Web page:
Dvořák: Quartet Op. 106,
6 Cypresses, 2 Waltzes
Dvořák spent Christmas 1895 at his country home at Vysoká, just outside Prague. He was working confidently and had already completed the String Quartet in G, B.192, Op. 106, his thirteenth quartet, over a four-week period, in November and early December. He spent Christmas Day putting the final touches to yet another quartet and just five days later, this quartet, too, was finished. Dvořák had composed two of his finest quartets in less than two months. However, the ease and pleasure with which he created them came after a period when the ink had run dry.
Behind him was a second visit to the United States. Artistically, it had been a success. He could look back with pride on the new cello concerto, the New World Symphony, the American String Quartet and more. But Dvořák had felt cut off from his friends and relatives. He had been isolated from the Bohemian countryside and from a life that provided inspiration for his creativity. “Oh, if only I were home again!” the homesick Dvořák had written from New York. He and his wife returned to Bohemia for good in the spring of 1895. Once back in familiar surroundings, Dvořák resumed his former ambition, and one of the composer’s finest string quartet movements. A busy and vigorous Scherzo follows, Mendelssohn like at times, but with a touch of country earthiness. The finale begins exuberantly but includes wistful, somewhat nostalgic music in its pages. It also brings in echoes of the opening movement before being swept along to an affirmative, joyful conclusion.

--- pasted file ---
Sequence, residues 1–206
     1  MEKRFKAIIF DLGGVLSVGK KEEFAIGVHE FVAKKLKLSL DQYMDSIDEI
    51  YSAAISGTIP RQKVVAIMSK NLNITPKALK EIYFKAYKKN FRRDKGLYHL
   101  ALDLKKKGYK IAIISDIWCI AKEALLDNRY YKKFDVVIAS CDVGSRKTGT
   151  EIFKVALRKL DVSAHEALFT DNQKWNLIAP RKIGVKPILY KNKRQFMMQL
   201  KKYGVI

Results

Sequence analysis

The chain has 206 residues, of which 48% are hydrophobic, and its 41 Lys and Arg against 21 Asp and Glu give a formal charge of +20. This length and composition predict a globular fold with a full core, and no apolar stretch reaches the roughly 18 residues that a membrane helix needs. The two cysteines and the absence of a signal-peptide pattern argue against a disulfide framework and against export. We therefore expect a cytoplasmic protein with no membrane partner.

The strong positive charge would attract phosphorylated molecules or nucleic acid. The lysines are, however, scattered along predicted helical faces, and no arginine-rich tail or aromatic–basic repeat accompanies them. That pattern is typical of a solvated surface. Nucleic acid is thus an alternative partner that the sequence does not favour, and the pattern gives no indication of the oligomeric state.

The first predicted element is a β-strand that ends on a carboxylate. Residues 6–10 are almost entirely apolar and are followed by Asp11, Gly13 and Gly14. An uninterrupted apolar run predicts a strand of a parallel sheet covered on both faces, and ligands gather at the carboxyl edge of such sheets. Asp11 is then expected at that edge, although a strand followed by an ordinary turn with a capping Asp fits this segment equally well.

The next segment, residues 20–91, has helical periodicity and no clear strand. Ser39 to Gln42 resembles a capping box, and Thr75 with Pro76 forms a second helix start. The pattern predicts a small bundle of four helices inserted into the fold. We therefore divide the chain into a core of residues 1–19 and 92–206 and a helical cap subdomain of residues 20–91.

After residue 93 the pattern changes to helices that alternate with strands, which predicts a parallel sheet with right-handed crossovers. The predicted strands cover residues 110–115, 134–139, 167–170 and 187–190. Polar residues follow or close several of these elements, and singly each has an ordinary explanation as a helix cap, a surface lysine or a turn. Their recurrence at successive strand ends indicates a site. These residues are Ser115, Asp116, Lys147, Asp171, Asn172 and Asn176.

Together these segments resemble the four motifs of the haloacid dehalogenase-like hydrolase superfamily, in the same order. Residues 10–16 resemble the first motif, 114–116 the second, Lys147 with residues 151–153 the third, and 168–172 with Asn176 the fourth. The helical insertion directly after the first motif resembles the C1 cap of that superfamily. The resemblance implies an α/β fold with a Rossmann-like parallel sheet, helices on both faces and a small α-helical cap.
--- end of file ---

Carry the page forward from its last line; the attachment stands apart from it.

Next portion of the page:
The two Waltzes, B.105, Op. 54 started life in 1879, with a request for dance music for a ball organised by the Národní Beseda, a patriotic organisation in Prague. Dvořák and other leading composers, including Smetana and Fibich, were each asked to provide a series of linked waltzes. Dvorák soon realized, however, that his waltzes were more appropriate to concert or salon performance than dancing, so he composed an altogether new set of dances for the ball called Prague Waltzes. He then re-worked the original music into a set of eight waltzes for piano and arranged the two most popular movements for strings. The first is a gently rocking and distinctly Czech waltz, with faster-paced episodes. The Allegro vivace has the character of one of Dvořák’s Slavonic Dances.
© Keith Horner